Review: Ikebe Shakedown – Stone By Stone

The first thing worthy of note about Ikebe Shakedown’s second full length album for Ubiquity Records, is the cover art – simple, striking, 70s influenced, and very effective. It’s a suitably adequate metaphor for the music within the packaging, as Ikebe (pronounced ee-kay-bay) take a very focused approach to playing that is firmly in the groove.

The seven-piece instrumental afro funk band from Brooklyn had previously recorded at Dunham studios and now have the honour of having recorded this latest album at the renowned “House Of Soul” synonymous with Brooklyn’s Daptone Records – lending its analog warmth and clarity of sound to the record’s production. It is also a heavier affair than their first album with plenty of hard driving, dance floor cuts that display both the band’s musical prowess and the tasteful restraint they employ in delivering their sound. Heavy numbers from the powerful strut of “The Offering”, the catchy hook laden “By Hook Or By Crook” and the deft changes of “Last Stand”, pack a thrilling groove for the movers and shakers out there.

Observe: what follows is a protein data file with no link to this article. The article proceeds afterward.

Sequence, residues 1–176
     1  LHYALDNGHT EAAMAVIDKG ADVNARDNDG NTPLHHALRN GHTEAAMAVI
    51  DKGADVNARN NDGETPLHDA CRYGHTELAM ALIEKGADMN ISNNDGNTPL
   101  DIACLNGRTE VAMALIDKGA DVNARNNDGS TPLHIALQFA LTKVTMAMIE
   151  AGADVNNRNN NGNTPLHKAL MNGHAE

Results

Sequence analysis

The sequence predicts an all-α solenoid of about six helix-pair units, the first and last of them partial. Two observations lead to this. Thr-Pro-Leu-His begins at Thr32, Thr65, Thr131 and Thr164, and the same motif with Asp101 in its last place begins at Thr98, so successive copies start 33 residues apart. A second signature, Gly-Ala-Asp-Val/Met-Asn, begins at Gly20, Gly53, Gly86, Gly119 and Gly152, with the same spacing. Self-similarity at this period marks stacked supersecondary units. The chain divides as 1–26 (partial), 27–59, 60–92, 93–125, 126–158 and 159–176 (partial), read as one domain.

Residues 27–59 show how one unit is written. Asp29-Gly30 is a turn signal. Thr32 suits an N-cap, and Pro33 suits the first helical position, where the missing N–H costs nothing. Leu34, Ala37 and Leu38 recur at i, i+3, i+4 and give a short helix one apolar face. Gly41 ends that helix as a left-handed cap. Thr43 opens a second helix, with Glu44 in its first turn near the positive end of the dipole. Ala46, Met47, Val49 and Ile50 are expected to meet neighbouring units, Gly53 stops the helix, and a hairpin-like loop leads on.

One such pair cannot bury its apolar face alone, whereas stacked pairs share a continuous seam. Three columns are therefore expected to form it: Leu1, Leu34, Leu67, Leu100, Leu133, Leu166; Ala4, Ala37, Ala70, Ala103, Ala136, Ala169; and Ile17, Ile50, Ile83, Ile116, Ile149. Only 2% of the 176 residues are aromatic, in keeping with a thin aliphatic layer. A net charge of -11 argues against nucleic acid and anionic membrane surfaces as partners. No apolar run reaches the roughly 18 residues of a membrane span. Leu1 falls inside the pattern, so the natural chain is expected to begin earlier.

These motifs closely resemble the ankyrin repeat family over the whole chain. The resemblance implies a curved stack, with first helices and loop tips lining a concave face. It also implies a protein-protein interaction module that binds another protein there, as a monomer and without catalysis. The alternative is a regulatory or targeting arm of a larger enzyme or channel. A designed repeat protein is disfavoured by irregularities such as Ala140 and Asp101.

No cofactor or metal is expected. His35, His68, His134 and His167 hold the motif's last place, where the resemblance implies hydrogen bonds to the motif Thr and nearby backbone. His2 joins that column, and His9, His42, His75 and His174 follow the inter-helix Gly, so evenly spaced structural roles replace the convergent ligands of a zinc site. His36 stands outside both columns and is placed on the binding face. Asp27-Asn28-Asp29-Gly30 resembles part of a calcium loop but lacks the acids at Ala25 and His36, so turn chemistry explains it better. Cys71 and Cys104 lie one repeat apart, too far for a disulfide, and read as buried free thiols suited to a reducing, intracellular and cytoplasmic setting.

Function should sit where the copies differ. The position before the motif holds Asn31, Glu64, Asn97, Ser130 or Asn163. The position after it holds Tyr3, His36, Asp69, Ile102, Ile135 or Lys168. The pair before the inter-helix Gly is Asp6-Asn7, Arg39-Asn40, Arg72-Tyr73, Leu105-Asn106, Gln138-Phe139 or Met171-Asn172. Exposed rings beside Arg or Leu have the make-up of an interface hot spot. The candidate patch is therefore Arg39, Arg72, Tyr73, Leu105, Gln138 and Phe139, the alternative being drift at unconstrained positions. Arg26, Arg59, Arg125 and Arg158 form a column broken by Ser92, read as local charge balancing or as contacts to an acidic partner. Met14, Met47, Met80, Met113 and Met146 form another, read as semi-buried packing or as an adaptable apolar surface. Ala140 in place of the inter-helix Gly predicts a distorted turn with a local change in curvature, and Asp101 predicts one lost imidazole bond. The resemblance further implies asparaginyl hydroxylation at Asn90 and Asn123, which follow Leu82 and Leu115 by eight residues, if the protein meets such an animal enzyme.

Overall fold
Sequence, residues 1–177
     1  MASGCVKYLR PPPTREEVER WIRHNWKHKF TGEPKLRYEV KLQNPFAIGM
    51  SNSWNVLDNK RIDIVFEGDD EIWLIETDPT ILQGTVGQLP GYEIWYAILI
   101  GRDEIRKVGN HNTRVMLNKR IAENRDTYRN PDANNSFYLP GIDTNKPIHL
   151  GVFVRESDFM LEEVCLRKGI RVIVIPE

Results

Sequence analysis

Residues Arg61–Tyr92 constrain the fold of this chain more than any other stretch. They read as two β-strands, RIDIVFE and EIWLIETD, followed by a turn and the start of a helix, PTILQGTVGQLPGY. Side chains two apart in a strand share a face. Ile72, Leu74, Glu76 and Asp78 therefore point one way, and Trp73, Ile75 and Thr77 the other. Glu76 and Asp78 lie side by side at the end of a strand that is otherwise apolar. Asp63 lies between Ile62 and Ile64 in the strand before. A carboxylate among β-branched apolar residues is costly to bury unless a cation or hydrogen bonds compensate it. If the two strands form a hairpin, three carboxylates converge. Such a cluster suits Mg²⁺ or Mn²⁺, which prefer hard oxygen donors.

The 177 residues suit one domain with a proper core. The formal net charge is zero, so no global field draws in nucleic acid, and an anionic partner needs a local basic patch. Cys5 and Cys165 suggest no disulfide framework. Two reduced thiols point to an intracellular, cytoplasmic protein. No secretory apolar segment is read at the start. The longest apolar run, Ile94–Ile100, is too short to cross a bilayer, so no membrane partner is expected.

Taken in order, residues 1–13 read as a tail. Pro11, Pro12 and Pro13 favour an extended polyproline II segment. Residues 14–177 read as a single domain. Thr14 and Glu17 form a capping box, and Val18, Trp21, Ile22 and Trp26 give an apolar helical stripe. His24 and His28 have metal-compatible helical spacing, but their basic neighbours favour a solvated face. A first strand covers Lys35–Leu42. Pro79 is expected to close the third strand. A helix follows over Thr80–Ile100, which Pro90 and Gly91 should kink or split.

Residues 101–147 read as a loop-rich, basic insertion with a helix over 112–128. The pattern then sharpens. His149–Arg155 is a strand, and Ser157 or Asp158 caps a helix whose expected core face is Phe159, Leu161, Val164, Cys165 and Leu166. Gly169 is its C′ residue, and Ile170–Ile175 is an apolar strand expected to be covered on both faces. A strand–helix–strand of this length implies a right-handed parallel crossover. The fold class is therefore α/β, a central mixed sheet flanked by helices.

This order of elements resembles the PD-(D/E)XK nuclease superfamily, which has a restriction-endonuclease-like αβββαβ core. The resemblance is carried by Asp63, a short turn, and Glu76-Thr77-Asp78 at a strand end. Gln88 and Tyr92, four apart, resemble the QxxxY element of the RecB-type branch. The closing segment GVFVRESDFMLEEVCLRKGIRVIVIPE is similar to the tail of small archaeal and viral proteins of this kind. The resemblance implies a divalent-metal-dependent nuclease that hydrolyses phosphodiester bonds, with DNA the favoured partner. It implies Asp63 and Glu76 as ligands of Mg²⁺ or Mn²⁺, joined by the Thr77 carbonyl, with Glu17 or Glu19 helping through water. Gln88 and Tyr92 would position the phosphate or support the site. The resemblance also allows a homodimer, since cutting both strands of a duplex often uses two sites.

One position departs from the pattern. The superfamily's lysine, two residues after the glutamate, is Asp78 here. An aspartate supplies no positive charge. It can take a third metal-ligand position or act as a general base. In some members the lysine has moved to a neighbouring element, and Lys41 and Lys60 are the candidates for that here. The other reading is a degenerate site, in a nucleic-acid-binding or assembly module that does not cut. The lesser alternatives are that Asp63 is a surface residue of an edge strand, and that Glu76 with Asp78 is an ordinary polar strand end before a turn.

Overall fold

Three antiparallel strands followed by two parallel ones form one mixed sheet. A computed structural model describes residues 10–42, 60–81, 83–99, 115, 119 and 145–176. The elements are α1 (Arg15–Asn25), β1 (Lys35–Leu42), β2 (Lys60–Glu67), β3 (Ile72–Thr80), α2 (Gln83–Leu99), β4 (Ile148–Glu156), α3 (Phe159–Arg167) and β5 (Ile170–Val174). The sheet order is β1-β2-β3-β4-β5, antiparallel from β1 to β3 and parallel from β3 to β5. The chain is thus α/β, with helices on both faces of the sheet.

Take this with some rather thoughtful tracks, like “Rio Grande” which nicely adds some light vibes and flute amongst the percolating percussion and neat bass; or darker tones, such as the horn-lead “The Illusion” – The emotional high-points often supplied by the killer horn section on this whole set. There’s a great balance to the mix of African sounds and American funk in equal measures. Only on “Chosen Path” do we hear a straight-up afrobeat sound, complete with playful organ, Fela style. Brooklyn’s ‘afro funk juggernaught’ is back, more vital than ever. Get on board or get the hell out of the way.